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By: Mimiko Watanabe, Clinical Psychology

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Group of incarcerated men doing yoga

The University of Denver Prison Arts Initiative was founded in late 2017 by Dr. Ashley Hamilton and Dr. Apryl Alexander, with a mission to provide therapeutic and educational arts programming to people incarcerated in Colorado prisons. Over the past several months, the DU PAI has grown exponentially. There is now arts programming in four different correctional sites, with plans to implement more. Here are the latest updates!

Unique Model of Engagement

The first step of beginning arts workshops in any facility is to establish Group Leadership Committees. This is a group of incarcerated individuals who complete an application process and interview to participate in this role. They meet with Dr. Hamilton on an ongoing basis to shape the initial goals of the workshops unique to that site, and to provide feedback throughout the process. Examples of this include providing insight to group dynamics, to the morale of the group, and overall culture of the specific facility. They also have a role in determining the next workshop- for example, the Group Leadership Committee at Denver Women’s Correctional Facility requested a workshop on short play production and they are currently in the midst of that curriculum. Group Leadership Committee members also serve as a resource to other participants in between workshops, so that if a participant misses a workshop or needs clarification on what to work on, they have a peer to support them. 

Denver Receiving and Diagnostic Center

This site hosted their first pilot playwriting workshop in January 2018, which was run by Dr. Ashley Hamilton. The Group Leadership Committee decided they would like a creative writing and movement workshop next, which launched in April 2019 and is currently engaging eight participants. 

Denver Women’s Correctional Facility 

This facility has already had an ensemble theater workshop, conducted by Dr. Hamilton, which focused on introducing participants to basic theater principles. A workshop focusing on arts and spirituality was conducted by Dr. Clare Hammoor throughout this past winter, where each week focused on a different artistic spiritual practice such as creating mandalas or exploring origin stories. The Group Leadership Committee requested a short play writing workshop where participants put together ten-minute long performances, and this began in April 2019. Each of these workshops has a curriculum of meeting on a weekly basis for ten weeks. The next project will be longer as participants will create a full production play, which will begin this summer.

Sterling Correctional Facility

This site has 30 participants, 5 of whom are in the Group Leadership Committee. A 10-week ensemble theater workshop was run by Dr. Ashley Hamilton. This workshop culminated in a final performance of newly written scenes in March 2019 for an audience of fifty incarcerated men. A history of photography workshop is also currently in process, taught by Professor MacKinnis. Additionally, a full production play of One Flew Over the Cuckoo’s Nest has begun! Auditions have been held and participants will be rehearsing over the next few months in preparation for an opening in August.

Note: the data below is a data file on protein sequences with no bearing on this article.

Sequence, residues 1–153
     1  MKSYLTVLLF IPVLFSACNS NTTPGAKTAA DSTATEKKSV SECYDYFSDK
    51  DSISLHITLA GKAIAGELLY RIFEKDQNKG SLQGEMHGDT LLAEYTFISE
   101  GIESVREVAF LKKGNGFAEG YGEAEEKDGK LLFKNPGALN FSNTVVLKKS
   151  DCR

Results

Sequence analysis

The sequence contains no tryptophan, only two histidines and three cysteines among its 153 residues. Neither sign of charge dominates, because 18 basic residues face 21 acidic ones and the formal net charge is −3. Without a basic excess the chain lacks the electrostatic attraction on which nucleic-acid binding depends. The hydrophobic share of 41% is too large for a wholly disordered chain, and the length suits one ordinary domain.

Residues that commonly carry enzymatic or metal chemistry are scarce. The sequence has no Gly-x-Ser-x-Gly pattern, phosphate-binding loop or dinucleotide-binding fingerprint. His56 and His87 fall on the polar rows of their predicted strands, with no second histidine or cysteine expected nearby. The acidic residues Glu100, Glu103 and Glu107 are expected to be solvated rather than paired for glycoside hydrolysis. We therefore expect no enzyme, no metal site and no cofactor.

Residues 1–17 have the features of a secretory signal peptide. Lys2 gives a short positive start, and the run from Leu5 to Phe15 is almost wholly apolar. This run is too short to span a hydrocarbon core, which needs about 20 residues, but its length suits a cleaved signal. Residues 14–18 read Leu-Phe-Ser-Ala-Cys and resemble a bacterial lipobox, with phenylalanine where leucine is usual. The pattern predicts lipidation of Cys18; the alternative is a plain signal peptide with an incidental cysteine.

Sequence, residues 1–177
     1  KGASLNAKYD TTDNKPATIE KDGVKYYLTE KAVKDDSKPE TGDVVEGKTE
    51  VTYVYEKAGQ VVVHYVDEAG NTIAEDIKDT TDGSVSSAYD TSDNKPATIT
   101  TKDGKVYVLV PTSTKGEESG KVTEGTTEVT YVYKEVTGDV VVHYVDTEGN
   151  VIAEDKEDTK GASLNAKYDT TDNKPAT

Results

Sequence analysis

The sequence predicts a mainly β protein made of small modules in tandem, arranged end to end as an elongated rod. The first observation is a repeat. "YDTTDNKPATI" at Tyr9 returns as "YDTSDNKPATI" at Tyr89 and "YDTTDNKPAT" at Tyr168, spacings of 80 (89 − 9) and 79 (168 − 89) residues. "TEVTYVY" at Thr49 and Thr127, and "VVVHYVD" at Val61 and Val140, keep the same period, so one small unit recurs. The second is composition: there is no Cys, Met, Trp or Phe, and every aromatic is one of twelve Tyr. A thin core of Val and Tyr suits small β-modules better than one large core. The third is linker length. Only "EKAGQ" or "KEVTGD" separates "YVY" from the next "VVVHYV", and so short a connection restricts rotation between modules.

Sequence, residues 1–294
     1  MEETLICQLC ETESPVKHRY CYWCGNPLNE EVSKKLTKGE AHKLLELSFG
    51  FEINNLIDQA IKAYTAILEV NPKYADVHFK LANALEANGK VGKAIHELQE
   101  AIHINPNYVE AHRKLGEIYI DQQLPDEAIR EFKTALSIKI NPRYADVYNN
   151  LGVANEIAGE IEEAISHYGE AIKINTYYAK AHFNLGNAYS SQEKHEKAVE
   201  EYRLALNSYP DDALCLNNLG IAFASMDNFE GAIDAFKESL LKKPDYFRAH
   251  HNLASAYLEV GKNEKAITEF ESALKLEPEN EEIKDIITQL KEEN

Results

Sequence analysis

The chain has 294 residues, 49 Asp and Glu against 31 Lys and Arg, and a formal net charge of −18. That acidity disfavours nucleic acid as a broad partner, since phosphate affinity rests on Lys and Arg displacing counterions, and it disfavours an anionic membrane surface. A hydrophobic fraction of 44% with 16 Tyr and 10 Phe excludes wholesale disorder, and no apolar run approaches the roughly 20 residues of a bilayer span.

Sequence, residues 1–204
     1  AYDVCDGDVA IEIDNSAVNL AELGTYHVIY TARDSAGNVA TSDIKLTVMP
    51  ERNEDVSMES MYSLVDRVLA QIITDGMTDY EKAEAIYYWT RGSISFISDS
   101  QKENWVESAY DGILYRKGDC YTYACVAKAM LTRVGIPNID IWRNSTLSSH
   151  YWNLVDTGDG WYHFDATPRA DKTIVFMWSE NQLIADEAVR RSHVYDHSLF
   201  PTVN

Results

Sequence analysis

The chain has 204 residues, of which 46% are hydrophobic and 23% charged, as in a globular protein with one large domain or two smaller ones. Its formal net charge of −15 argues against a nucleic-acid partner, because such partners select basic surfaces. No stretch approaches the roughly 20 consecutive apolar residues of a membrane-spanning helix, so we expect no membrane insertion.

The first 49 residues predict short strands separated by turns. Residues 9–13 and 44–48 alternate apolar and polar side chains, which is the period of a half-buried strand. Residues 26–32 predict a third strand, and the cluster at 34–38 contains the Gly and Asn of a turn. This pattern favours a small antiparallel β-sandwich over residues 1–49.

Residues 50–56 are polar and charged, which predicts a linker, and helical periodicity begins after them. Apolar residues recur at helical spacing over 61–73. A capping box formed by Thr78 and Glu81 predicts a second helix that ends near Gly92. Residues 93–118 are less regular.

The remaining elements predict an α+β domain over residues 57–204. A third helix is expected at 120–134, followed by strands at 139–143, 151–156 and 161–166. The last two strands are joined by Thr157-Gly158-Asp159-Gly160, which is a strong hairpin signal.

DU students are also involved at this site as actors and performed the play produced on campus, Tick, Tick…Boom! for incarcerated individuals on February 23, 2019. There were a total 150 incarcerated individuals in the audience—this theater production drew a crowd!

Colorado Correctional Center

The most recent to join the DU PAI sites, this facility began to host workshops in March 2019. The Group Leadership Committee met for about two months to determine what type of workshop they would like to see in their facility. They completed a creative writing workshop with great success. Participants are now in the middle of a reentry through theater workshop, focusing on issues of reintegrating into their communities following release from prison.

Family Reunification Events

In addition to arts workshops, the DU PAI holds arts-based reunification events at Sterling Correctional Facility, Denver Receiving and Diagnostic Center, as well as at the Denver Women’s Correctional Facility. Five parent-child reunification events have been held, the activities of which are based on “Where the Wild Things Are” and involve dramatic play and crafting. There have also been couples’ reunification events, where incarcerated individuals are reunited with their partners and they engage in fine arts painting. Undergraduate students have assisted in creating and facilitating these events. 

Future Directions

The DU PAI is in the process of launching an Inside/Out class, where DU social work students would be able to take classes inside prison alongside incarcerated students. The plan would be for 10 DU students and 10 incarcerated students to take the Restorative Justice and Performance social work class, taught by Dr. Shannon Silva and Dr. Ashley Hamilton. Details are to be determined!

Mimiko Watanabe, M.A. is currently pursuing a doctorate in clinical psychology at the Graduate School of Professional Psychology, University of Denver. She has also worked at the Center for Community Engagement to advance Scholarship and Learning (CCESL) as the Arts & Engagement fellow for the past two years (2017-2019). In this role, she has supported the development of the Prison Arts Initiative and has worked on several photovoice projects in the community. Through both clinical work and organizing community engaged projects, she strives to support processes of empowerment on an individual and interpersonal basis while simultaneously pursuing broader sociocultural transformation. 


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